29th May 2012
Overweight and central obesity are major risk factors for diabetes and cardiovascular disease (CVD). Indigenous Australians have a disproportionately higher burden of disease, including diabetes, CVD and chronic kidney impairment than other Australians. Despite this burden of illness, few studies report detailed examinations of the body build and composition of Indigenous Australians. This is the first detailed study of body composition and health indicators in large numbers of Aboriginal and Torres Strait Islander people.
We report two key differences in skeletal dimensions of the upper body (trunk). Aboriginal adults have a shorter trunk for overall height, which was closely related to a central obesity. Torres Strait Islander adults have a broader skeleton than Aborigines, which was strongly associated with higher lean body mass for size.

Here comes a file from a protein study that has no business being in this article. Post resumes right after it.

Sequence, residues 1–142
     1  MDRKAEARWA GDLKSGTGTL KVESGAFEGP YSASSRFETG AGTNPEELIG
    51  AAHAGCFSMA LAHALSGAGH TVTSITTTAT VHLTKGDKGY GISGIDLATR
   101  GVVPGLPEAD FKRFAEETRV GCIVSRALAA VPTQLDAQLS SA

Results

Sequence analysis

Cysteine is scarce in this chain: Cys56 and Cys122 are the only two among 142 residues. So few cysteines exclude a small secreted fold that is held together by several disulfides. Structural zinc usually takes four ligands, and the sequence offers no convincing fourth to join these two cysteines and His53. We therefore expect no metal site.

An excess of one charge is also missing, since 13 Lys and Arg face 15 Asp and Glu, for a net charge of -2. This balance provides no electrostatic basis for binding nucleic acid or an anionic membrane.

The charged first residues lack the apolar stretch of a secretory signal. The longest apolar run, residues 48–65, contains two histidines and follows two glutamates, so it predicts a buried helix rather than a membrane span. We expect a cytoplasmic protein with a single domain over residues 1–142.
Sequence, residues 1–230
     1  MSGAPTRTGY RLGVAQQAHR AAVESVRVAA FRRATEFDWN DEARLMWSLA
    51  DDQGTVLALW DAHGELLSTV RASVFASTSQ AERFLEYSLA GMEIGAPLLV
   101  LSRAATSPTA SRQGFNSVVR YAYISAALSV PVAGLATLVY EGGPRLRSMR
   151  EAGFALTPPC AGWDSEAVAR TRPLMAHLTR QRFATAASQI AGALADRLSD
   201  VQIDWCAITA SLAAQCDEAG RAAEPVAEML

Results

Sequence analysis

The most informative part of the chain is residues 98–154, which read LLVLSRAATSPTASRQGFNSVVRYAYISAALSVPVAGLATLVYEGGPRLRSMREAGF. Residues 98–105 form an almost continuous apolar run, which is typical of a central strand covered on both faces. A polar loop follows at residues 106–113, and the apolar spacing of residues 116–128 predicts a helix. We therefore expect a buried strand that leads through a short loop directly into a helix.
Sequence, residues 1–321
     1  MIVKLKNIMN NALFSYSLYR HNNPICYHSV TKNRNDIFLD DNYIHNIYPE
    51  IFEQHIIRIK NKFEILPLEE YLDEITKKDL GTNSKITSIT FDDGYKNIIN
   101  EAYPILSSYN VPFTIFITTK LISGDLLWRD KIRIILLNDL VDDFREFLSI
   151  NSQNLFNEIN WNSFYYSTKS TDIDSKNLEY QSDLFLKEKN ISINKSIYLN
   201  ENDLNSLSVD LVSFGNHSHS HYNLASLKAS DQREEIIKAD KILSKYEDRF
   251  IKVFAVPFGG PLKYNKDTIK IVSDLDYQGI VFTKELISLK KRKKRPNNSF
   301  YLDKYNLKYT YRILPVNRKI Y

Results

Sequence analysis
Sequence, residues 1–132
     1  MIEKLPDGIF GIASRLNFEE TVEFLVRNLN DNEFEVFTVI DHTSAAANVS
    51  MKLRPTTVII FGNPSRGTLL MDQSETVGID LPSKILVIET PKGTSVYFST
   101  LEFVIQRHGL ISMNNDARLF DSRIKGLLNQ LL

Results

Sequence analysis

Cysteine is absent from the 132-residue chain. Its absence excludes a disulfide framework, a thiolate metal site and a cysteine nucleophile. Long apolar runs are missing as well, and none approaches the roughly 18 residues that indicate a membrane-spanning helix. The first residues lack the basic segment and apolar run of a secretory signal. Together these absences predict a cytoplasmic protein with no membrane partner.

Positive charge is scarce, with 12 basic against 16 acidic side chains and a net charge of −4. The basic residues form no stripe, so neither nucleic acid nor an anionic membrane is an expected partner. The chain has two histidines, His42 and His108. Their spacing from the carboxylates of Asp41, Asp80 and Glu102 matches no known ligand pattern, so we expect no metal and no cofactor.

Lean Aboriginal adults displayed numerous indicators of health. However, overweight was strongly associated with intra-abdominal fat deposition and CVD risk markers: albuminuria, high markers of inflammation and low HDL-cholesterol. Obesity was also described by fat-related biomarkers (adipokines). High leptin and low adiponectin was associated with high body fat, and high intra-abdominal fat respectively.
Finally, we propose a link between obesity, adipokines, and the development of albuminuria, which is a known independent risk marker for both CVD and kidney failure.
Dr Jaqui Hughes is a nephrologist at Royal Darwin Hospital, and PhD Candidate at Menzies School of Health Research. Her research interests include preventing the progression of early chronic kidney disease in Aboriginal and Torres Strait Islander people.